We first heard about 3D bio-printers in 2009. Such a printer was developed in collaboration with the Australian project firm Invetech and Organovo, and the company of regenerative medicine (San Diego). The device includes two print heads: one for placing human cells, and the other for placing a hydrogel (also called a forest or matrix support). At that time, the developers hoped that the printer could someday be used in the creation of organs for transplant purposes. This week, Organovo announced that it was a little successful in using the device to create the three-dimensional functioning of a person’s liver.
Not so long ago, scientists came to the successful creation of 2D samples of human liver tissue. This sample is one, maximum two thick layers of cells used for research purposes.
According to Organovo CTO, Dr. Sharon Presnell, the new 3D fabric has many advantages. “Firstly, tissues are not just one layer of cells; there are about 20 layers of cells in our tissues, that is, it is still quite thick, ”said Dr. Sharon Presnell. “Secondly, multicellular tissues closely reproduce the various cellular structures that are present in this (or natural) tissue. Finally, our tissue has high cellular reproducibility. "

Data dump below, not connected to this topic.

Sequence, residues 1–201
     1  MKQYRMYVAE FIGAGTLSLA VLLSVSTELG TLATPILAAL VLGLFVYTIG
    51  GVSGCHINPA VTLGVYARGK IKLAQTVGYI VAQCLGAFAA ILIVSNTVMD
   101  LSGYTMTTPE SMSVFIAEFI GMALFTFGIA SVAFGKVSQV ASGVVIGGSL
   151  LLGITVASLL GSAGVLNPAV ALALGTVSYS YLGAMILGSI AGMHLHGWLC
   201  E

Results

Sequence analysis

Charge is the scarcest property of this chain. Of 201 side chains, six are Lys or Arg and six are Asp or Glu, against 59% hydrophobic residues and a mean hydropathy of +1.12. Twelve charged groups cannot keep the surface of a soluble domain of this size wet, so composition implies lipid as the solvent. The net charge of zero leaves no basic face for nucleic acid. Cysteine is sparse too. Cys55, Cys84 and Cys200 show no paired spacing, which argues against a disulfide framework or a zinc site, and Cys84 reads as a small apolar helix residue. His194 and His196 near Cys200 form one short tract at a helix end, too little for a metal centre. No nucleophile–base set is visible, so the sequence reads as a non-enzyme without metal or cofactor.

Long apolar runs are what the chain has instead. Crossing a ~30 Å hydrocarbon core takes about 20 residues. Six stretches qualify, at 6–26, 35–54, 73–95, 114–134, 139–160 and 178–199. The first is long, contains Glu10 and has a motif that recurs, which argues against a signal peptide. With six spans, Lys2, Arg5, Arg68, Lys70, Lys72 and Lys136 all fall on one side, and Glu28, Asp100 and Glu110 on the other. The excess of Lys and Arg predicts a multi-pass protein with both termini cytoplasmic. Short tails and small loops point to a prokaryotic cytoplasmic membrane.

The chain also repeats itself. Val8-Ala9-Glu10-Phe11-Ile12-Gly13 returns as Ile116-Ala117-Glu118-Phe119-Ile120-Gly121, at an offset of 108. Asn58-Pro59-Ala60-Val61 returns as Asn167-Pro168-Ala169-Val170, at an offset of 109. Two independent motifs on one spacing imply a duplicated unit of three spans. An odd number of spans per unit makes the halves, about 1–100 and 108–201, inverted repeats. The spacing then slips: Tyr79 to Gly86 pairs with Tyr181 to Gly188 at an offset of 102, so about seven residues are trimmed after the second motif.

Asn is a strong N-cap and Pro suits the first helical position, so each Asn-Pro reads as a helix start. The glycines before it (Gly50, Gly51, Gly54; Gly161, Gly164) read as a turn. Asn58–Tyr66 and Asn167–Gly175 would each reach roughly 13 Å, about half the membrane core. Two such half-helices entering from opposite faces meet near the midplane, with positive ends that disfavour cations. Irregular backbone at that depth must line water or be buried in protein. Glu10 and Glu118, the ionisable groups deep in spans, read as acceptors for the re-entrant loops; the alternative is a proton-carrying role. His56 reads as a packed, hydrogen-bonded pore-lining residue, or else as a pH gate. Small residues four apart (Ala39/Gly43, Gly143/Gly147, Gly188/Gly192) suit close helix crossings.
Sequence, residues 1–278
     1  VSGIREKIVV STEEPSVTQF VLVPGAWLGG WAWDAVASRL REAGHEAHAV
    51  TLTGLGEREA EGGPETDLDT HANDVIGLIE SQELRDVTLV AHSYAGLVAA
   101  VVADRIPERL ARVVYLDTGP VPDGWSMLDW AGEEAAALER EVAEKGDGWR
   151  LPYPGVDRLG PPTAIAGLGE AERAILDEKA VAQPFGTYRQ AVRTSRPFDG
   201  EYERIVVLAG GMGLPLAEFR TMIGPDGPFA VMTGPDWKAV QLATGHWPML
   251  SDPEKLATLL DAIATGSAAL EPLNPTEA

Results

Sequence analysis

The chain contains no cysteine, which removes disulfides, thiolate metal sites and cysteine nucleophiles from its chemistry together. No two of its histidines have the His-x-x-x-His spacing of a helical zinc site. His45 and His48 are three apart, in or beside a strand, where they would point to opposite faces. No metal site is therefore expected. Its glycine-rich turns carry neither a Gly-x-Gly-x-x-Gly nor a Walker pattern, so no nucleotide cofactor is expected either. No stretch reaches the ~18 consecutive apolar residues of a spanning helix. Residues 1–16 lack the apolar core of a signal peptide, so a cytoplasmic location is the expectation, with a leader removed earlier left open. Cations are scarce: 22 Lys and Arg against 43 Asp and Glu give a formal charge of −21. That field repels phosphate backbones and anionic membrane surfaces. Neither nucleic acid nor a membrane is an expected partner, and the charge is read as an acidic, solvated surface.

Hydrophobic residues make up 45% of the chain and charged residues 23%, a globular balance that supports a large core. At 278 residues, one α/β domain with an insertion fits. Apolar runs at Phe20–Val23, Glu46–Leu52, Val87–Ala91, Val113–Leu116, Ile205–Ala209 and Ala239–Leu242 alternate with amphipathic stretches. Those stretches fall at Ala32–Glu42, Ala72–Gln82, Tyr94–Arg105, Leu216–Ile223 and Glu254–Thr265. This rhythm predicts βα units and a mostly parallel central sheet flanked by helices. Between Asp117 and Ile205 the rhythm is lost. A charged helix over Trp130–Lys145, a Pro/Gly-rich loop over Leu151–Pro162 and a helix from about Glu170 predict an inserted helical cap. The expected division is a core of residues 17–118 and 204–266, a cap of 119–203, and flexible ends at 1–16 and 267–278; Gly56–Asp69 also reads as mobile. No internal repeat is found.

Liver bio-printed tissue was made from various cell types, including hepatocytes, endothelial cells and liver stellate cells – all of which are key components of the natural liver. After the structure is complete, the tissues remain stable in the test tube for up to 135 hours (much longer than is possible with 2D tissues), they perform the normal functions of the liver, including the production of albumin, fibrinogen and transferrin, and this tissue also supports cholesterol biosynthesis.
As measured, today fabrics are made up to a maximum of 500 microns thick, and with a width of a few millimeters. Organovo believes that they can become invaluable for medical research. Today the company is still engaged in the direction of obtaining full-sized human organs for transformation.
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